"We're maximalists," said Roberto Rimondi, which had to be the most superfluous declaration of Milan's fashion week, given the collection he showed with Tommaso Aquilano. Taking inspiration from the richness and drape of fabrics in Renaissance paintings, from the "sacred jewelry" of the church, and Italian alta moda in the seventies, the duo offered designs of such complexity and depth that they were practically a master class in the capabilities of Italian artisans. Every designer should have access to such resources. But more to the point: What could have been an exercise in fashion academia was goosed by Aquilano.Rimondi so it read like a vision of fierce modernity. Scuba fabric worked with antique tapestry technique? Worlds collided.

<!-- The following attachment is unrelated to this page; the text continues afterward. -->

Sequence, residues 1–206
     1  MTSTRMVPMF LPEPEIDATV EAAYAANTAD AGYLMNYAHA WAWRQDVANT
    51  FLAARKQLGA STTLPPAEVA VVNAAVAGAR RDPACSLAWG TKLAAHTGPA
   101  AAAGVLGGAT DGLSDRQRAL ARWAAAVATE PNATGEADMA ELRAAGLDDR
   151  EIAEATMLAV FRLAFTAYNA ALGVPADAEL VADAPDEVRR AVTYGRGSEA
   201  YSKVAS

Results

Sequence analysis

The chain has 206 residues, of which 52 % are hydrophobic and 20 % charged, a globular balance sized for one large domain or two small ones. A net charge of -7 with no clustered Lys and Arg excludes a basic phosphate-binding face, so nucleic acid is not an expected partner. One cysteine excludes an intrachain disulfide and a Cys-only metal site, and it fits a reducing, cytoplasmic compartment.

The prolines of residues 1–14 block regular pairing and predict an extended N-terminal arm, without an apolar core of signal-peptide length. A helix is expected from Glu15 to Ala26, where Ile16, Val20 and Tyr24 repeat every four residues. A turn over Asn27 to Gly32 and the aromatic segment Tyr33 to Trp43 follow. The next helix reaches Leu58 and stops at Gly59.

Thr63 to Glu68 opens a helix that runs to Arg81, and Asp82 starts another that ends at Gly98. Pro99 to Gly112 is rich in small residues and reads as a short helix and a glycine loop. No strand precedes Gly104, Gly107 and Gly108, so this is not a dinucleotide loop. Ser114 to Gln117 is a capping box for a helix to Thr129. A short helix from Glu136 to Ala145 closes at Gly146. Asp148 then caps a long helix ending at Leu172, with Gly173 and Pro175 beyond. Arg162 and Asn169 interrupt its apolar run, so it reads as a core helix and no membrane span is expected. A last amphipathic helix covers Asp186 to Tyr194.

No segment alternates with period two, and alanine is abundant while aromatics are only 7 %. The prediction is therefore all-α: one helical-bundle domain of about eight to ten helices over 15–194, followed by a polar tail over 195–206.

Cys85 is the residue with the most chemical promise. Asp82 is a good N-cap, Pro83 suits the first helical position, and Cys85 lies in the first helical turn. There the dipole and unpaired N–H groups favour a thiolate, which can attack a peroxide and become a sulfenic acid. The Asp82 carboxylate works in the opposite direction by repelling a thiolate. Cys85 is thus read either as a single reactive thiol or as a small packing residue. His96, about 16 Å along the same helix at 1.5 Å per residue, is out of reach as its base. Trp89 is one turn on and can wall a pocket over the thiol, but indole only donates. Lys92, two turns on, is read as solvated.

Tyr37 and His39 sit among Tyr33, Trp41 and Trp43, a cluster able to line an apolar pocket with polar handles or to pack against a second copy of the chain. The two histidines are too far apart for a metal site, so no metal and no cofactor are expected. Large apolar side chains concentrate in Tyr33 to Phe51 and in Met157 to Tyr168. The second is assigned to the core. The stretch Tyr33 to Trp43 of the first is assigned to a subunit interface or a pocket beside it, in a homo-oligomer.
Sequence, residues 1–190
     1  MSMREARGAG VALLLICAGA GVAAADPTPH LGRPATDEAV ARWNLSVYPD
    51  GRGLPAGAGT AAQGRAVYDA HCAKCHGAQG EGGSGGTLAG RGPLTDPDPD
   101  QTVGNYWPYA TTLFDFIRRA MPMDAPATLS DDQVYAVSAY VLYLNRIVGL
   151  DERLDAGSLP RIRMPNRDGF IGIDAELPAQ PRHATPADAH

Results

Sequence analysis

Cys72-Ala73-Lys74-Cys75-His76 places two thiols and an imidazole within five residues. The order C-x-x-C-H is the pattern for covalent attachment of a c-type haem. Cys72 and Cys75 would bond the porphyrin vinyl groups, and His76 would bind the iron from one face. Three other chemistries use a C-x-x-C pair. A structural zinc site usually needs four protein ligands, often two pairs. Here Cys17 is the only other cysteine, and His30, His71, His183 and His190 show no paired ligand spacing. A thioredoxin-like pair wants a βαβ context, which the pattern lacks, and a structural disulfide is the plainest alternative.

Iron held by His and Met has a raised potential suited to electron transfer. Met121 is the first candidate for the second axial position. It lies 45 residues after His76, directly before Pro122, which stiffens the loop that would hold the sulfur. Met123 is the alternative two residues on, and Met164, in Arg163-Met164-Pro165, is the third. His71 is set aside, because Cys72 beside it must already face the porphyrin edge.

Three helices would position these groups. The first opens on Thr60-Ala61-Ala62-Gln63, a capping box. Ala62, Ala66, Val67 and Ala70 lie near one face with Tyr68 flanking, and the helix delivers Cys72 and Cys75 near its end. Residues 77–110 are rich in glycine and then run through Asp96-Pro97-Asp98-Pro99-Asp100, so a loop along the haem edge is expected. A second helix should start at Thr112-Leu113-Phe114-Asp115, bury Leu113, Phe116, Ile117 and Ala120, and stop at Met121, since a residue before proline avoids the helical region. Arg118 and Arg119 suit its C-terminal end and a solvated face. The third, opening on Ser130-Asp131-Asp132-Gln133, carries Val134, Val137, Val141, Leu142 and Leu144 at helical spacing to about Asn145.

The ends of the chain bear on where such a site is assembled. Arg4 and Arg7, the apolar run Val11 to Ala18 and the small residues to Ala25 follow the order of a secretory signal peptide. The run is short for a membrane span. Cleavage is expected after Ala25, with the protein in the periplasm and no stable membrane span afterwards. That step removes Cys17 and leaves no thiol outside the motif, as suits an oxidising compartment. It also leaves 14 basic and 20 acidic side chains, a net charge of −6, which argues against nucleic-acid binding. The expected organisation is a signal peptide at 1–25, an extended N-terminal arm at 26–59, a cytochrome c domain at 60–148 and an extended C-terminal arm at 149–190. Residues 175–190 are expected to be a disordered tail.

The designers emphasized two silhouettes: very feminine—a bustier and an accent on the hips—versus a masculine influence, with double-breasted jackets over skort and trousers. The cross-gender dialogue offered the duo an opportunity to explore extraordinary fabrics, like the micro-jacquard they used for their suits and the double-faced faille used in those scuba dresses with the tapestry overlay. "Black is the new gold," Rimondi said. That meant rich tone-on-tone embroideries, but also black leather, as sleeves on a dress or a cape (if you're inclined toward one of the season's major trends, this is the cape you should be looking at). And often, it meant everything together: ottoman and scuba and velvet and leather in one glorious farrago, with a single long zip snaking down the spine to hold it all together. True, Aquilano.Rimondi's vision is unyielding in its single-mindedness, but this is one instance where generosity of spirit is weakness. Perfection is a hard taskmaster.